'I was dismissed for speaking my mind,' Nominated Senator Isaac Mwaura speaks on Jubilee ouster

'I was dismissed for speaking my mind,' Nominated Senator Isaac Mwaura speaks on Jubilee ouster

Nominated Senator Isaac Mwaura during an interview on Citizen TV's Day Break show on December 3, 2021.

  • The senator who represents people with disabilities pointed accusing fingers at Jubilee Party for ousting him after he lawfully expressed himself.
  • Senator Mwaura alongside six others were expelled by the Jubilee party early this year in February on grounds of disciplinary violations.



Nominated Senator Isaac Mwaura now says that his expulsion from the Jubilee party roster came as a result of discrimination and standing his ground as a leader.

Speaking on Citizen TV’s Day Break show on Friday, the Senator who represents people with disabilities pointed accusing fingers at the Jubilee Party for ousting him after he lawfully expressed himself.

“I was singled out for speaking my mind because when you are nominated you are supposed to be subservient, apologetic and reconciled to gratitude simply because you should not be on equal standing with others," he stated.

"These are the little issues we have to face in terms of indirect and systemic discrimination over and above the direction that everybody can single out."

Mwaura argued that as a country, disabled people are looked down upon and are not given a free space where they can express themselves openly, adding that in governments they are expected to bow to the laid out laws without questioning.

"We still have a long way to go, people do not think that when you are strongly opinionated and you have a divergent view you cannot stand your ground and it actually typifies the characteristics of a person with disabilities as; a person who is meek, somebody who is quiet, who is just there to be seen and not to be heard," he explained.

The legislator sternly advocated for respect of persons with disabilities noting that it is their human right to be accorded equal representation in a country's leadership as they are capable in their own capacity.

"We must break that kind of ceiling and tell people that that yes we are just like you; we may be different in terms of our anatomy physiology or morphology but at the end of the day we are human beings," Mwaura said.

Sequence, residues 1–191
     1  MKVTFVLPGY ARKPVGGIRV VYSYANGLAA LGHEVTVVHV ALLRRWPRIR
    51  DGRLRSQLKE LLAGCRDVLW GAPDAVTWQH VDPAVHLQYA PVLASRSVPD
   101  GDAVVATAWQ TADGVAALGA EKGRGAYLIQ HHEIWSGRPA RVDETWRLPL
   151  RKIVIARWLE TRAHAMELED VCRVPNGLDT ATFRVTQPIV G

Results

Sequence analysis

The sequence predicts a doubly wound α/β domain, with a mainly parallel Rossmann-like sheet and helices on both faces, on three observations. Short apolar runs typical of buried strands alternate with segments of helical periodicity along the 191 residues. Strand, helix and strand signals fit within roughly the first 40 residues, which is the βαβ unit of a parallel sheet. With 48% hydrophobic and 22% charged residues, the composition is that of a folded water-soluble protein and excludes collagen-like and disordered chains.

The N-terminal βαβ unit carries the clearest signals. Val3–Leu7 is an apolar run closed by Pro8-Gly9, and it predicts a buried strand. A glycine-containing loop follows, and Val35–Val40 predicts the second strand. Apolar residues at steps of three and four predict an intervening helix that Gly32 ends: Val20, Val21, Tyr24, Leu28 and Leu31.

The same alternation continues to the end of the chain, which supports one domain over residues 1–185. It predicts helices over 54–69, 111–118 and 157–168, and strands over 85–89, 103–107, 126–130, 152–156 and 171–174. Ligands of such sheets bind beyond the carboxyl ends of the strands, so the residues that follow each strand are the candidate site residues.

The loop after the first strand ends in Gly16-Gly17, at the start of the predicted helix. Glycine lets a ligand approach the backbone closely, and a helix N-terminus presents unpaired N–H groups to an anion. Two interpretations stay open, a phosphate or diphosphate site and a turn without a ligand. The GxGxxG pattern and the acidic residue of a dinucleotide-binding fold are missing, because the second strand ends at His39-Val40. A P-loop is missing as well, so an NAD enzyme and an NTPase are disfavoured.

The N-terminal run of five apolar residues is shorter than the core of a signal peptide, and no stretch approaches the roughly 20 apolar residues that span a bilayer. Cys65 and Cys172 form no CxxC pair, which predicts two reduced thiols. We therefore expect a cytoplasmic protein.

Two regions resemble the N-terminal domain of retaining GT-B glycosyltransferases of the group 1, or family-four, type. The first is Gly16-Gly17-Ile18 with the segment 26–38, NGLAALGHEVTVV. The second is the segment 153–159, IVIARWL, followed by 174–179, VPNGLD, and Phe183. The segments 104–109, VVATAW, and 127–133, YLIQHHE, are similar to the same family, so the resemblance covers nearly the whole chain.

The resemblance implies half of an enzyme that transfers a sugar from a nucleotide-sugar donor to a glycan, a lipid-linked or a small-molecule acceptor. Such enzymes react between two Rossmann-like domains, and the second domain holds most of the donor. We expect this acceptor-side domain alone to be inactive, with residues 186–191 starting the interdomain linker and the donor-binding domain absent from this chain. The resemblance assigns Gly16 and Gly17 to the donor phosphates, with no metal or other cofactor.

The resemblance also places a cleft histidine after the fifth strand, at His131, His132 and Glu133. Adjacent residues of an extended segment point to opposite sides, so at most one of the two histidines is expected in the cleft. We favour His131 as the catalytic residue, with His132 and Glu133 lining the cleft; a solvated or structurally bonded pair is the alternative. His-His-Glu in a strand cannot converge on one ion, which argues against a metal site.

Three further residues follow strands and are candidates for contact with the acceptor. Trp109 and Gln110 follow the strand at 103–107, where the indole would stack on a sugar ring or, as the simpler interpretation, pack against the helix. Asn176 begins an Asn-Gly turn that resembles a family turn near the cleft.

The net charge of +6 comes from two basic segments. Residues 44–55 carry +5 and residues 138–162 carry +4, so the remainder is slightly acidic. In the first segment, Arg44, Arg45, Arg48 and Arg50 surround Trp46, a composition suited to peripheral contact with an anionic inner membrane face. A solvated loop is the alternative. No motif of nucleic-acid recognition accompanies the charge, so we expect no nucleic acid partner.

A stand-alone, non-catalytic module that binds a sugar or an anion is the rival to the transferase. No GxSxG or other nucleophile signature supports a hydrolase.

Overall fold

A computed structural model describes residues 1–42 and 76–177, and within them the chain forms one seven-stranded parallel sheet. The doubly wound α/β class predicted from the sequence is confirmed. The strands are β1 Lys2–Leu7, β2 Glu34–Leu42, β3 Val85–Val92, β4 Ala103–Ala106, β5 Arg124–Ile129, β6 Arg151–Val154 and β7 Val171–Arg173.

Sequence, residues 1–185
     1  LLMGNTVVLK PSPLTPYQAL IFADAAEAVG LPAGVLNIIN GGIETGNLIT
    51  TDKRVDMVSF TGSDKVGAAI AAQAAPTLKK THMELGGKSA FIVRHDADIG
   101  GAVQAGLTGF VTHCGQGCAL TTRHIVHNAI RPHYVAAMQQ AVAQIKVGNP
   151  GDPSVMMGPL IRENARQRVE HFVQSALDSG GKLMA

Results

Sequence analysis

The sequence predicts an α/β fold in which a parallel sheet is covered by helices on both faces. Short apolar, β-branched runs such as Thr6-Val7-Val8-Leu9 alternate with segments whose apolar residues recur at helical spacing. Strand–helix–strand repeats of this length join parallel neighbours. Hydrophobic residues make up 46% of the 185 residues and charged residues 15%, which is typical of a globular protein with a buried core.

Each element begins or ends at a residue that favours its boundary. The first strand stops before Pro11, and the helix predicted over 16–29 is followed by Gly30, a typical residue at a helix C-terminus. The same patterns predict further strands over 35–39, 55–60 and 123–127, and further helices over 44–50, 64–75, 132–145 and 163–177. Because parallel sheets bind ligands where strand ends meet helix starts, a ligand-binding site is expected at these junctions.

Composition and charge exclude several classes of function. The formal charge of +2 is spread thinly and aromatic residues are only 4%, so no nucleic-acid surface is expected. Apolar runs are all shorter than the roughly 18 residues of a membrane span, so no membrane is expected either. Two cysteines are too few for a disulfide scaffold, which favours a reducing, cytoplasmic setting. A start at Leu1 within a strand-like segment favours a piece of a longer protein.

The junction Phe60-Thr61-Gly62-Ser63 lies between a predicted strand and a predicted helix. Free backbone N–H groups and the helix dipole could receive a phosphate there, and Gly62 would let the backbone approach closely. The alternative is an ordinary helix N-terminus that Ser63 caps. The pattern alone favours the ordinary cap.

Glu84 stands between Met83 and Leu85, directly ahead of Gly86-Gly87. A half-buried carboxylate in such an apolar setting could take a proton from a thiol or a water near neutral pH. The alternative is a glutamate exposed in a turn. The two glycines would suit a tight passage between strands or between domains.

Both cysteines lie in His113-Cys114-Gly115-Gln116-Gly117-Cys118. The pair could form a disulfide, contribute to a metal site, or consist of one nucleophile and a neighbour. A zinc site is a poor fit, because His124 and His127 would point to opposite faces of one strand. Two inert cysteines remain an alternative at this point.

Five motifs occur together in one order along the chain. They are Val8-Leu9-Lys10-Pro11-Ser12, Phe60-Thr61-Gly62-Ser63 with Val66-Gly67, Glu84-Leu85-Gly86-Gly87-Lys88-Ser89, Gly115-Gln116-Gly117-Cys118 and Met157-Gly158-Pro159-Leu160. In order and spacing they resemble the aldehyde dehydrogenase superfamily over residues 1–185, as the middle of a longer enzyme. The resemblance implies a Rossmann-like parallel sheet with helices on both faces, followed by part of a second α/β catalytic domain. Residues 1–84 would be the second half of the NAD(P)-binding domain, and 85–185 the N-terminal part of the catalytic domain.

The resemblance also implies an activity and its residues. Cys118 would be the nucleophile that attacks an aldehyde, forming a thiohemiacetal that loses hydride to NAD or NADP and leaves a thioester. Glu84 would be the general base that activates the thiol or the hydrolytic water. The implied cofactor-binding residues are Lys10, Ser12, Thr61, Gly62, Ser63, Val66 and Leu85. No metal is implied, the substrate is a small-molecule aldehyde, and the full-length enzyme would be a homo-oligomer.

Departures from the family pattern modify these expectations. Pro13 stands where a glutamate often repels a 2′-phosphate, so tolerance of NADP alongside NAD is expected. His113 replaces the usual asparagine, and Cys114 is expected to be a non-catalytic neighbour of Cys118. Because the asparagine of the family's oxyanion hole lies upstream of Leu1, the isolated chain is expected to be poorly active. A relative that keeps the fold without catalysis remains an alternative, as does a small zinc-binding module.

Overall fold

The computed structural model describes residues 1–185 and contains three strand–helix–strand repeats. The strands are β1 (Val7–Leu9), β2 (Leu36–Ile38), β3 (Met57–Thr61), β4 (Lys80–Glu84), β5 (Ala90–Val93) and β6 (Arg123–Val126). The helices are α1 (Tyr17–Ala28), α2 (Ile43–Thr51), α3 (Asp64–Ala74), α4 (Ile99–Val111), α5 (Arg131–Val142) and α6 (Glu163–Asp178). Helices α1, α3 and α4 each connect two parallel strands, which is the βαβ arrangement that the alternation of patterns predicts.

While using himself as an example, Mwaura stressed lack of enough representation in the National Assembly and Senate as barring some of the 'most qualified' disabled people who if given a chance would impact majorly on the development process

"In the Senate, I am the one with the highest number of bills; five that are published and four that are being processed, nine of them," he noted.

He further commended Reuben Kigame for standing out and declaring his presidential bid saying that the move serves to encourage people with disabilities to rise to occasion fight for their position as Kenyans.

“I am happy that for the first time in the history of Kenya, we have a presidential candidate, Reuben Kigame, who is visually impaired,” he said.

"It is not about succeeding but making a statement that we have the capacity to run for the highest office in the land and participate on an equal basis with others."

Senator Mwaura alongside six others were expelled by the Jubilee party early this year in February on grounds of disciplinary violations.

Through Jubilee Secretary General Raphael Tuju, the party dismissed Isaac Mwaura, Senetor Mary Yiane, Waqo Naomi Jilo, Omanga Millicent, Prengei Victor, Iman Dekow and Gona Christine Zawadi.

“The NMC in exercising its mandate provided or under article 7 (2a) of the party’s constitution and relying on other enabling provisions of the party law has expelled the following senators,” the statement read.